Bill – not sure what axe you’re grinding, but I believe Niccolo’s point was about the mathematics of elections, not who is or isn’t “looking after” or “helping” cities. His point was that presidents have historically won elections on “rural” rather than “urban” issues.

  • Bill, I think people here know that the Constitution does not name the president “Cities Czar.” I think Obama supporters here are hopeful that he will have a new set of priorities in broad policies, such as proposed budgets.

  • Also, Bill, sure, cities grew in part because of commerce between “free people.”

    But it could be argued that the “gutting” of cities is due largely to the “grand visions of politicians”–from both parties–with their grand visions of an ever-expanding network of highways, and also due to the “free people” who for generations figured that using those roads to escape cities was desirable.

  • GR

    The fault lines are becoming comically clear. McCain is defending not just the political status quo, but a distinctly cultural one – “I’ll find ways to keep you driving, America – common sense and national security be damned.” The gas tax thing, the coastal drilling BS, the 300 Million dollar McBattery prize. Its all geared towards defense of where we are.

    Obama’s movement toward an “urban solution” is largely in line with his “change” mantra… in that sense, the biofuels stuff is as rhetorically out of whack as it is on a policy level. In lakoff-speak, he subtly reinforcing McCain’s frame with that.

  • Bill Nelson

    Mike: Bringing up a different point of view is not “axe grinding”. Instead, try viewing it as “diversity”. And I did not even read Niccollo’s comment. Or, more accurately, I stopped reading it when he chose to delegitimize the U.S. Constitution by associating it with slavery.

    ddartley: Increasing municipal budgets leads to harm, as it A) Increases taxes for B) Dubious projects, which C) Eventually encourage people to leave. The most worthwhile aspects of NYC are a result of private behavior, and that goes especially for the vitality of its neighborhoods. Example: Prospect Park without a nearby Park Slope would be almost unusable (as it was in the 1970s), but an ugly park-less neighborhood like Williamsburg now functions quite nicely. And it wasn’t government funding that created Williamsburg.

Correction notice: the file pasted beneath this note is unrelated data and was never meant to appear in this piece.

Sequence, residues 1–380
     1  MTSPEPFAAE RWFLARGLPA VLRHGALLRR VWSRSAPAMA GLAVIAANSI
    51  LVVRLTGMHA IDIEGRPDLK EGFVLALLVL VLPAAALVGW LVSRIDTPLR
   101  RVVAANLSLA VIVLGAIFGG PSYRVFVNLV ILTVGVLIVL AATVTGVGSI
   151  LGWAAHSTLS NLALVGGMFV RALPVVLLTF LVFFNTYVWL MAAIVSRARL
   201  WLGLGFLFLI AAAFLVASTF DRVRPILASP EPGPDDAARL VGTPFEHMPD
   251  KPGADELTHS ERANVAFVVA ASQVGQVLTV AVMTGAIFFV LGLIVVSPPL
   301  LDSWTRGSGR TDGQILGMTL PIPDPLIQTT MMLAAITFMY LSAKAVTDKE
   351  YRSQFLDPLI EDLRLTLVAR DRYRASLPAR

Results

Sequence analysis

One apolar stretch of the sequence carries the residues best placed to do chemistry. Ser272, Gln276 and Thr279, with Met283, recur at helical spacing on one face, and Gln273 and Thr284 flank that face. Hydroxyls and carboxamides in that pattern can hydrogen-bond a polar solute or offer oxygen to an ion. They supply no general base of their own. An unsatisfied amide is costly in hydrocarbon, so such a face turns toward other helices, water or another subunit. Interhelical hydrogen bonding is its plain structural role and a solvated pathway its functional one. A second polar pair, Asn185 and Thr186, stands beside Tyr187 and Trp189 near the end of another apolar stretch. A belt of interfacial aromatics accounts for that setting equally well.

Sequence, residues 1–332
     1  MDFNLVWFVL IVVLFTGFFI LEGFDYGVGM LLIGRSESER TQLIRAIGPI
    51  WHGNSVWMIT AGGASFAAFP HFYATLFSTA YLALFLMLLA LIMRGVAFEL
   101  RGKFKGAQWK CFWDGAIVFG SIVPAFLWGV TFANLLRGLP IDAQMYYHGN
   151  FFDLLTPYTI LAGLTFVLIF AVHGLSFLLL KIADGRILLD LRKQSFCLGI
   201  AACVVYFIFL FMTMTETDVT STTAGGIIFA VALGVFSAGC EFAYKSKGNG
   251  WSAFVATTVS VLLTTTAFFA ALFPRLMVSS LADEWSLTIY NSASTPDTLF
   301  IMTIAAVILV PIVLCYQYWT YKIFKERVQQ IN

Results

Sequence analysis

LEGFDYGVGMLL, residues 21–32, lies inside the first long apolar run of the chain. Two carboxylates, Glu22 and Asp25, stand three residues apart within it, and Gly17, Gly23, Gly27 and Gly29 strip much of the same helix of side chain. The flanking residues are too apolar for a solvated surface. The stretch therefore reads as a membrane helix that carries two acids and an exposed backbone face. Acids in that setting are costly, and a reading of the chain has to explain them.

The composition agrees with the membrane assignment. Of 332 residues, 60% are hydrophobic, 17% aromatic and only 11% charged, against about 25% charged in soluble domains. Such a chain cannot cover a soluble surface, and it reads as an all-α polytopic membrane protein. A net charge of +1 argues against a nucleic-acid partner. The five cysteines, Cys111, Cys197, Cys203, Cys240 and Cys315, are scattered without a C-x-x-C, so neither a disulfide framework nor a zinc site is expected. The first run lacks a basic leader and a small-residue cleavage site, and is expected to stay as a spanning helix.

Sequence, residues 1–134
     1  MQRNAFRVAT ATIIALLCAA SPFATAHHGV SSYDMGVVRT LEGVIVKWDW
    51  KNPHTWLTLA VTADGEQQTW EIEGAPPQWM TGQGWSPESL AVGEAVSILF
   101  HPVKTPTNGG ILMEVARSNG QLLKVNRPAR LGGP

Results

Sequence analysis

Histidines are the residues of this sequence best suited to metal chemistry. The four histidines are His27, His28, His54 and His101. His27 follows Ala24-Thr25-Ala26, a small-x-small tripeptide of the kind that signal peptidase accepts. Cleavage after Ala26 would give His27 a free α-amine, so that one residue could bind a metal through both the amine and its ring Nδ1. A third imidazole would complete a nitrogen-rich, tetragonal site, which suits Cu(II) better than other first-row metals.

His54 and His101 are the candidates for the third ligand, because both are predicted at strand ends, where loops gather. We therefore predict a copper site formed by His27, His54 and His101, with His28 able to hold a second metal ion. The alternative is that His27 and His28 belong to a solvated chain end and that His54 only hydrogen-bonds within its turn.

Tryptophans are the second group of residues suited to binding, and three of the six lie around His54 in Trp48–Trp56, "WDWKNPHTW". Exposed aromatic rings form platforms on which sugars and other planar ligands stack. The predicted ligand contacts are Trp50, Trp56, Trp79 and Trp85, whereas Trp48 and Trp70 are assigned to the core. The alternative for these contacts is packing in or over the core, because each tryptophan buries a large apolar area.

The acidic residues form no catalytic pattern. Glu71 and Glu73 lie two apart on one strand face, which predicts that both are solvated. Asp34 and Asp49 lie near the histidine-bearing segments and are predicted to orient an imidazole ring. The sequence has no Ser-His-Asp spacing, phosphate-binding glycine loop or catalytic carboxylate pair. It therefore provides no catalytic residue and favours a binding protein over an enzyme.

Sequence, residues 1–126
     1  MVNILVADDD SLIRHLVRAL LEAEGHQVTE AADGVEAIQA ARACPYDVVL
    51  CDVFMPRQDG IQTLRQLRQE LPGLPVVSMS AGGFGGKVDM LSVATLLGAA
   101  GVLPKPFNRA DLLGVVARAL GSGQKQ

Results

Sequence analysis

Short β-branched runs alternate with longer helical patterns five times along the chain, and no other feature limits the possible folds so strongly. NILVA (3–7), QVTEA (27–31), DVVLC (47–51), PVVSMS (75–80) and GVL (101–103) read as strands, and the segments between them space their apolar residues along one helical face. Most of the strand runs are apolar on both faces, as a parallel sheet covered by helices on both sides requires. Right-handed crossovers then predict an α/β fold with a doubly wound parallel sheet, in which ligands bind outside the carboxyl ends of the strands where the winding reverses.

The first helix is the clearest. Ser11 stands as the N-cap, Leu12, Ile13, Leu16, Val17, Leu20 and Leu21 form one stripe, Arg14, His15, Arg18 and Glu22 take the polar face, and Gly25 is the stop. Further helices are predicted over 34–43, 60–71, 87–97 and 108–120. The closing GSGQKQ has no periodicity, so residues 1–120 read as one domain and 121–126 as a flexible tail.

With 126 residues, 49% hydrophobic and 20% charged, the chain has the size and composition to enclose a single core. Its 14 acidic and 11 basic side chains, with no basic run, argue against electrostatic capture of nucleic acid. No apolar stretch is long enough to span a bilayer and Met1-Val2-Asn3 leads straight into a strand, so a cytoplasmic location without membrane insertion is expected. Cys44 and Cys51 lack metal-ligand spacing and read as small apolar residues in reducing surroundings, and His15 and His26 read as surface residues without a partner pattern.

Also: Of course public highways influenced people to leave the city. But that’s nothing compared with NYC public schools influencing people to leave the city. If people’s preferences were determined by public spending, we would all be competing to live in public housing and being cared for at public hospitals.

    Incidentally, I do not think that public highways are a particularly good idea, either. The Cross Bronx Expressway (Or the LIE, the Gowanus, etc.) are hardly examples of efficient transportation. A privately-operated highway system would instead be quite beneficial. And talk about your congestion pricing: The highway companies would see to it that there would never be congestion again. No one makes money when the cars aren’t moving.

  • Go Obama! definitely, getting that rural vote is important, but also, he really means it.

  • Niccolo Machiavelli

    So Bill apparently feels that the position that the slaveholders wrote the constitution, apparently a holy document, like the tablets from Mt. Ararat, is in some way incorrect or rhetorical in nature. Did he read the part about the 3/5 compromise? He is shocked and appalled that anyone would associate the founders of this country with slavery, what absurdity!

    His positions on taxation, public education and Prospect Park in the 1970s are equally well founded.

  • Bill Nelson

    That some of the Constitution’s authors held slaves is not relevant to the content of the document — which is intended to limit government power, which is to the benefit of cities.

  • Walter Libby

    Check out “sustainable cities sustainable democracy” on the interent.

  • Niccolo Machiavelli

    It really has nothing to do with which individuals may or may not have held slaves at writing of the Constitution. It is that most of the Federalist structures were written to guarantee the retention of their hold on power in the new government. The slaveholders, particularly but not limited to Jefferson, were agrarians, the frontier needed to be settled and the slaveholders insisted on a document that would be able to settle the frontier without disturbing the institution of plantation slavery. That is the document they produced and the one that we live with today.

    Sorry if my position disturbs your sensibilities. I don’t even mean slaveholders in a pejorative sense. It was an economic system organic to the history of the American republic. Many of the slaveholders were undoubtedly good people and many of the non-slaveholders were not. Regardless, the slaveholders position ruled at the constitution writing and we are left with much of what they did today. Our constitution is ill-adapted to the modern world. It is not a system prone to adaption. It is a system prone to the idolatry we see in the mass media trickling down to this blog.

  • Walter Libby

    I meant to say check out “Sustainable cities sustainable democracy II” on the internet.